@Steven Opp:


You stated:

The overall argument in the book is not logical, and it is this: Since the apocalyptic prophesies regarding AD 70 were typological but non-literal, that means that the flood story, which has the same typology, was also non-literal

I think you better give it a re-read, as I think you missed the point(s).  The flood was never presented as non-literal (and/or non-physcial).  That would be like saying the AD 70 judgement was non-literal (and/or physical).  I think you also missed the points the book was brings out concerning Jesus’ and Peter’s comparison between the two (Flood and AD 70).

he does better to convince us of a local flood with his arguments regarding the camels and the penguins, or Andrew’s comment about the marsupials.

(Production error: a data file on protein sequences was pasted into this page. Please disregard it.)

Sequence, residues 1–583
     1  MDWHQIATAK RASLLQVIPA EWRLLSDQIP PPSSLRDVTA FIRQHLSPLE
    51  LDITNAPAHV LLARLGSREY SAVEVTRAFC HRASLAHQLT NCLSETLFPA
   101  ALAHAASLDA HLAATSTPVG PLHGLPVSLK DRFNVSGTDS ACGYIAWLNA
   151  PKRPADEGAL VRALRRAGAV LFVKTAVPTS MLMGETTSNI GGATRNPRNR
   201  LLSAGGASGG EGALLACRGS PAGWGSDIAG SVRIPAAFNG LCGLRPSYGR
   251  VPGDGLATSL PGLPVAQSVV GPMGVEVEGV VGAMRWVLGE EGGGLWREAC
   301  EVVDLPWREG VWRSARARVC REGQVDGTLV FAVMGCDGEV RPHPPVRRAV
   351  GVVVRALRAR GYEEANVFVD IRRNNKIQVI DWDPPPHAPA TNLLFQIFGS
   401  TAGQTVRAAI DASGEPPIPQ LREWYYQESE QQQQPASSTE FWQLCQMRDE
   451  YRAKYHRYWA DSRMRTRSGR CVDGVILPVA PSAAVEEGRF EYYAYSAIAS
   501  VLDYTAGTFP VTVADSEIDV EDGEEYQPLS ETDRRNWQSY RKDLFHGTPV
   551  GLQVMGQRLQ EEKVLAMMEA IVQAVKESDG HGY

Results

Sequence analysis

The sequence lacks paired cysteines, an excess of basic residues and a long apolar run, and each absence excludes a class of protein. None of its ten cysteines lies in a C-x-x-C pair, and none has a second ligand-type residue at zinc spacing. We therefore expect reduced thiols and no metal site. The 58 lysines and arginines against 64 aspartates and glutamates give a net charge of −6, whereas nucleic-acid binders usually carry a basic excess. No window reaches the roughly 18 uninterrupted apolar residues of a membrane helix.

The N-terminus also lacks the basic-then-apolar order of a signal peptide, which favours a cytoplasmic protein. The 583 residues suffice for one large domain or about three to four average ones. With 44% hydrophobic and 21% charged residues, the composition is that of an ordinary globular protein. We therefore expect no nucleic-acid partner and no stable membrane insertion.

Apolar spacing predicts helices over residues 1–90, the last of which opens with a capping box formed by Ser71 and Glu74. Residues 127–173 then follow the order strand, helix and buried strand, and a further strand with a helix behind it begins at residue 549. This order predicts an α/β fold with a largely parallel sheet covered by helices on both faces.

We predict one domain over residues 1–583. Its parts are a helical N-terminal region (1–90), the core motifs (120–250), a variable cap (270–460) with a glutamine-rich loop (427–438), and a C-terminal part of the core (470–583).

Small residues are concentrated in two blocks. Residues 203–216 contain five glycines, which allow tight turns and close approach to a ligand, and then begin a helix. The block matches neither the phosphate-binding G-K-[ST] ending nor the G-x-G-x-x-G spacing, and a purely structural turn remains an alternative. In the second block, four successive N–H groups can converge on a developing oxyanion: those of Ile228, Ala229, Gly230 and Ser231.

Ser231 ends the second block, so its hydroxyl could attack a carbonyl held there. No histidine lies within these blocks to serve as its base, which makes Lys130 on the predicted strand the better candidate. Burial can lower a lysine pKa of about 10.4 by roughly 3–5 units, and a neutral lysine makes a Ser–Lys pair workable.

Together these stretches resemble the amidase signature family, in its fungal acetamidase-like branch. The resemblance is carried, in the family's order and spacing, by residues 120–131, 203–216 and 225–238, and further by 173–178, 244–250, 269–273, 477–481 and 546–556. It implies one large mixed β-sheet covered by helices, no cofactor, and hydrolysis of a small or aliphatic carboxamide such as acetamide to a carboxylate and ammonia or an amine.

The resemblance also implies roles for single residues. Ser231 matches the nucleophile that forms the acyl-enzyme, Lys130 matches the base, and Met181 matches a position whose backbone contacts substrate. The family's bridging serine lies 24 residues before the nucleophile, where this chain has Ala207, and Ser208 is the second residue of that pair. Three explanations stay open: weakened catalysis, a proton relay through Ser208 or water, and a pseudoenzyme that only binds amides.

This shows me you did missed the point of the book entirely.  The book is not about proving a local flood.  That is merely a small side point that can be deduced from Jesus’ and Peter’s comparison.  The title reveals the point of the book.


You are right that the main point of the book isn’t to prove a local flood. I should have written “The arguments in the book for a local flood are not logical…”

By literal I mean worldwide/global flood, as the text at first glance suggests, just like the prophesies about the fall of Jerusalem suggest the destruction of everything, not just Jerusalem and the temple. What the book is doing is saying “See, the fall of Jerusalem wasn’t as drastic as the prophets said (the stars didn’t really fall from heaven, etc.), therefore the flood wasn’t as drastic as it appears at first reading. Both accounts used symbolic language, therefore both accounts didn’t actually occur the way they appear on paper.” That’s a strong argument, but it can’t be proven.